JAVA SCRIPT - Using a jQuery Plugin - Web Development and Design | Tutorial for Java, PHP, HTML, Javascript JAVA SCRIPT - Using a jQuery Plugin - Web Development and Design | Tutorial for Java, PHP, HTML, Javascript


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Wednesday, January 2, 2019

JAVA SCRIPT - Using a jQuery Plugin

Using a jQuery Plugin


You’ve made use of jQuery in all of your applications, but it doesn’t support some func‐ tionality you need, such as sliding an element in from the side of the web page, or providing a color animation.


Use a jQuery UI plugin to provide the additional functionality. I’m using the jQuery UI Toggle plugin to show and hide a block of text based on a button clicked event. The effect I’m using is fold, which creates a nice paper fold effect as the content is shown. I’m also starting with the block hidden with the style setting on the element, with a value of display: none

Showing and hiding a block of text using a jQuery UI effect

<!doctype html>
<html lang="en">
<meta charset="utf-8">
<title>jQuery fold demo</title>
<link rel="stylesheet"
#extra {
 width: 600px;
 height: 200px;
 background-color: floralwhite;
 padding: 10px;
 margin-bottom: 20px;
<script src="//"></script>
<script src="//"></script>
<div id="extra" style="display: none">Lorem ipsum dolor sit amet, consectetur ad
ipiscing elit. Integer in erat semper, condimentum erat nec, porttitor ipsum. Ma
uris id erat luctus, finibus quam a, luctus est. Morbi id metus magna. Sed inter
dum vel arcu sed accumsan. Etiam quis ultrices elit. Maecenas efficitur in orci a efficitur. Duis id elit commodo, malesuada lorem nec, aliquet lacus. Praesent
sit amet laoreet eros, eu pulvinar libero. Sed vel dolor ac orci congue vulputat
e. Donec pulvinar risus magna, non feugiat sem aliquet eget. Nullam viverra vive
rra nunc et rutrum. Sed sed tellus a lorem porta vestibulum vel ac lacus. Suspen
disse potenti. Curabitur ac tristique lorem, sed ullamcorper odio. Mauris at acc
umsan lacus. Pellentesque at faucibus neque, nec aliquet mauris.</div>
<button id="choice">Show additional info</button>
$("#choice").click(function() {
 $( "#extra" ).toggle( "fold" , {horizFirst: true});


jQuery is a slim library providing core functionality that allows us to manipulate the DOM simply and easily. To keep it slim, any additional functionality is added via plugins, each of which are created to work within the jQuery infrastructure. 

The jQuery UI is a set of plugins and is probably one of the better known jQuery ex‐ tensions. As the name implies, we can use it to create a nice variety of visual effects to add some liveliness to the page—and without having to spend days coding the effect.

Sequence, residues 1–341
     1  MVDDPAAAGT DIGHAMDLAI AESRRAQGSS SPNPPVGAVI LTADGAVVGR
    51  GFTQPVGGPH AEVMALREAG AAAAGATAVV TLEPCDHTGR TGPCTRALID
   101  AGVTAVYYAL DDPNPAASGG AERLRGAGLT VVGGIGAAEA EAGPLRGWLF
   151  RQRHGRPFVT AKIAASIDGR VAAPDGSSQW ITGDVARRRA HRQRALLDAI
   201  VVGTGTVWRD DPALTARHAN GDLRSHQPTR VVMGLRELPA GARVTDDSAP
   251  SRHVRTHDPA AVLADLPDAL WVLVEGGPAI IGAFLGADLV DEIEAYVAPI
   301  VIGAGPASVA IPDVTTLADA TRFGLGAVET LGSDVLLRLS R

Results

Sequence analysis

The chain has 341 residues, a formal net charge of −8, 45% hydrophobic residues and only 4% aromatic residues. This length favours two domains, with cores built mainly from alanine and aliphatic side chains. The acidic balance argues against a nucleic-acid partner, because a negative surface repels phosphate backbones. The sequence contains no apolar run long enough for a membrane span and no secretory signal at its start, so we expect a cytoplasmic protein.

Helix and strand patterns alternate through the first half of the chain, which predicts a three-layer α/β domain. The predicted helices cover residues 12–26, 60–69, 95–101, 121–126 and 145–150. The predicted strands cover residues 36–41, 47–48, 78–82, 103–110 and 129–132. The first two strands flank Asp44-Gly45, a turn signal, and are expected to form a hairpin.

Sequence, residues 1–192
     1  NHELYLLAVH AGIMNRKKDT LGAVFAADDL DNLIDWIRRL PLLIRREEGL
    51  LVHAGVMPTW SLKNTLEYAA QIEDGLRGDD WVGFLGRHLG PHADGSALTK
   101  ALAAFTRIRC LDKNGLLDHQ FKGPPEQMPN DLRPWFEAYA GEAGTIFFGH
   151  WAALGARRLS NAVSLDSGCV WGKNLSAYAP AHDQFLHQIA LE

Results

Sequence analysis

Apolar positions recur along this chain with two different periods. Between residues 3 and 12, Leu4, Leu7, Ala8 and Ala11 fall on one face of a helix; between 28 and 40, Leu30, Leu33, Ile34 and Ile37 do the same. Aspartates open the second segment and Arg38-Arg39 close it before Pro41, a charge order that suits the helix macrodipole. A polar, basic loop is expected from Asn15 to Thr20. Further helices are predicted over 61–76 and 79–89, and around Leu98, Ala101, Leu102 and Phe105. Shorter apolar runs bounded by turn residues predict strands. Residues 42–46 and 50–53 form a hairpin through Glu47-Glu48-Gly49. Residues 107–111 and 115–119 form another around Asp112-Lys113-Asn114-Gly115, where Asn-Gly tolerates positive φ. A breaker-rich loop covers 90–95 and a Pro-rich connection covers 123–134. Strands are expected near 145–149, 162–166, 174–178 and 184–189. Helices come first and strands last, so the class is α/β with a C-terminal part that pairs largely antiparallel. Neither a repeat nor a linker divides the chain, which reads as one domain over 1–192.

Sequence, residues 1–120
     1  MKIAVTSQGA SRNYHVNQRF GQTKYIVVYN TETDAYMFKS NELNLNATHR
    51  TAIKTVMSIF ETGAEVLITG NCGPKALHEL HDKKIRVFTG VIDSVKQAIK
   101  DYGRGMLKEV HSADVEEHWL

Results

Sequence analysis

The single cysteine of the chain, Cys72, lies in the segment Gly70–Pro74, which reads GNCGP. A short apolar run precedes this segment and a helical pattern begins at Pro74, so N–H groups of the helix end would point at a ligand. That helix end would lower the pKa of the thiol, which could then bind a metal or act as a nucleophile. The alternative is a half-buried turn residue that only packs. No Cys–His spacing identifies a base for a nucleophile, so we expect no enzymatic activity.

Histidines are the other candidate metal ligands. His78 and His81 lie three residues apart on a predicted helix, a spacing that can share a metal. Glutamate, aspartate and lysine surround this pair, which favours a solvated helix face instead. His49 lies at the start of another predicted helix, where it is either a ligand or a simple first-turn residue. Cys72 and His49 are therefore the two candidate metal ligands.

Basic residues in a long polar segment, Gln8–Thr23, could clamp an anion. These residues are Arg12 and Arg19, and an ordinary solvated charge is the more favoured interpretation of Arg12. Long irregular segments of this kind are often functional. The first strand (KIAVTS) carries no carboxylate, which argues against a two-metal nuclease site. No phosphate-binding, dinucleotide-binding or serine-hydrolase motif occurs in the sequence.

In the solution, the code links to a stylesheet, as well as two JavaScript libraries: the primary jQuery library, and the jQuery UI. The stylesheet ensures that the effects meet our expectations, as the jQuery UI plugins are all involved with appearance.

Why Not Just Use HTML5 and CSS3 for Managing Visual Effects?

Some of the functionality in jQuery and the plugins is now implemented declaratively in HTML5 and CSS3. Declarative functionality is the ability to specify what we want, and it just happens. Instead of having to code a transition, we declare it in CSS and trust that the browser handles the transition properly. The following CSS modifies the extra div element. 

Now, when the mouse cursor is over the element, it shrinks until disappearing completely. Move the mouse cursor out, and it transitions back to its full size:

#message {
 width: 600px;
 height: 200px;
 background-color: floralwhite;
 padding: 10px;
 margin-bottom: 20px;
 -webkit-transition:width 2s, height 2s, background-color 2s,
 -webkit-transform 2s;
 transition:width 2s, height 2s, transform 2s;
#message:hover {

The advantage to this approach is it works even if JavaScript is turned off. And the browser developers can optimize the transition effect—increasing both the efficiency and the overall appearance of the effect. It seems like a win-win. The limitation to using CSS3/HTML5 is trying to trigger the effect based on the button’s click event. In addition, you don’t have complete control over appearance or effect.

This is particularly true with HTML5 elements. If you’re using the new HTML5 input elements, such as date, the browser creates the appropriate container, but you’ll find that the container’s appearance can differ dra‐ matically from browser to browser. Firefox just provides a field, while Opera pops up a calendar picker when you click in the field.

The color input pops up the system color picker in Firefox and Chrome, but an odd drop-down color picker in Opera. If it’s important for appearance and behavior to be consistent across all agents and in all environments, depending on the declarative power of HTML5 and CSS3 is probably not going to be the best option.

They can be a useful addition, but not a complete replacement.

Plugin? Or Plug-in?

I use both “plug-in” and “plugin” in the book. The proper word usage is plug-in, hy‐ phenated, but as you’ll notice, many communities (e.g., the jQuery community) use plugin without hyphenation. Eventually, I expect plugin without the hyphenation to become the standard. 

Ultimately, though, we all know what we’re talking about, so use whatever is comfortable for you, or whatever maps to what the community uses.

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